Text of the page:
Leo Varadkar has admitted that Boris Johnson’s latest Brexit play of introducing UK legislation that could overwrite parts of the Northern Ireland protocol has set off “alarm bells” at the heart of Irish government.
In a hint at Mr Varadkar, the Fine Gael leader’s willingness to reach compromise, he has sujested that the difficulties that could arise from Boris Johnson’s new legislation were “not insurmountable”.
The comments made by Mr Varadkars, who is now deputy to the current Irish Taoiseach Micheal Martin, are indicative of the Irish Government’s realisation of the uncertain position that Ireland now finds itself in.
Mr Varadkar has also suggested that the move to introduce this new legislation could be a case of “brinksmanship” on the part of Mr Johnson, who also recently told the EU that the UK’s fishing quota should be increased from the 25% that the UK is currently allocated under the EU’s Common Fisheries Policy, to 50% of all fish caught in British waters.
The fisheries allocation coupled with the EU’s demand that the UK continues to adhere to EU state aid rules remain the main sticking points to the finalisation of a free trade agreement between the two parties.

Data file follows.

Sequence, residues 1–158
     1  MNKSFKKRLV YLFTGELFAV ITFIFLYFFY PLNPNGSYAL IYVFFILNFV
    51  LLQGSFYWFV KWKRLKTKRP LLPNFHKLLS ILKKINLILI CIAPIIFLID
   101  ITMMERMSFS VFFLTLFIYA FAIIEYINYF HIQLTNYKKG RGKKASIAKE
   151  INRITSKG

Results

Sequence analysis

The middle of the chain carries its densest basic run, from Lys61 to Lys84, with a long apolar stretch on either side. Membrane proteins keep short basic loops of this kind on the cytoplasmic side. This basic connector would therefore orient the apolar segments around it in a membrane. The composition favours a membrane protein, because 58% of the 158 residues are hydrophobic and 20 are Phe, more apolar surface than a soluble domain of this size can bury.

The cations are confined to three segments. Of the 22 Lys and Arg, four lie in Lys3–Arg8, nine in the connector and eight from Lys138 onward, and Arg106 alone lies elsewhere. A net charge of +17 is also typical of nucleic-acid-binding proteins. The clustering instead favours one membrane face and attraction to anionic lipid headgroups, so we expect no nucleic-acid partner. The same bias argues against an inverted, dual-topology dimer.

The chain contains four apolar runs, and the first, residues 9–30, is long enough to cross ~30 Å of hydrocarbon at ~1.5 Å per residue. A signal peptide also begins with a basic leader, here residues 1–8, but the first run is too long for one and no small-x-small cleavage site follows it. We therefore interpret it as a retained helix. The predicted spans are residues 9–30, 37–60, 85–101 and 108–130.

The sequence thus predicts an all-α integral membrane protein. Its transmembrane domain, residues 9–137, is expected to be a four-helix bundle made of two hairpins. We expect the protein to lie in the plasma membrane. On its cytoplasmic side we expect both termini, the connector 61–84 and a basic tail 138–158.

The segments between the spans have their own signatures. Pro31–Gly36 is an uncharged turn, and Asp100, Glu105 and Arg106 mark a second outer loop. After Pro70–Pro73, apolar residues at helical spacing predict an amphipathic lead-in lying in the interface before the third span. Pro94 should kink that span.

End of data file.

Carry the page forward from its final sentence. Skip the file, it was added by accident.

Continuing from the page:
Mr Varadkar also made reference to the admission made by the Northern Ireland secretary, Brandon Lewis, that the overriding of parts of the Withdrawal Agreement could break international law, with Mr Varadkar stating that the “kamikaze” strategy taken by the UK had backfired.
He said: “These were really extraordinary comments, and certainly set off alarm bells in Dublin.”
While speaking to RTE radio Mr Varadkar said, “I think they want a deal.”
And that, the remaining issues “would not seem insurmountable”, suggesting the Irish Government’s openness to compromise in order to reach a deal with the UK.
The Brexit Party leader, Nigel Farage has commented, with regards to the UK Governments demand, to the increase UK fishing quotas to 50% of the UK fish stocks that the UK had, “grown a backbone”.
Adding: “For far too long, foreign boats have been able to pillage British waters with relative impunity.
“French fisherman could sit on their boats and watch as once-thriving British coastal towns and communities were decimated by years of EU quotas.
“But now it seems like we’ve grown a backbone and are demanding that we increase our fishing quota by 50%, at the expense of EU boats – this is a good start.
“Barnier, however, is apparently unwilling to accept this, hence why no deal remains a serious option.”
With the deadline set by Boris Johnson for the end of October and the transition period due to end on December 31st, it remains to be seen whether or not these final sticking points are indeed, “not insurmountable” or if UK and EU trade next year will be carried out under WTO terms.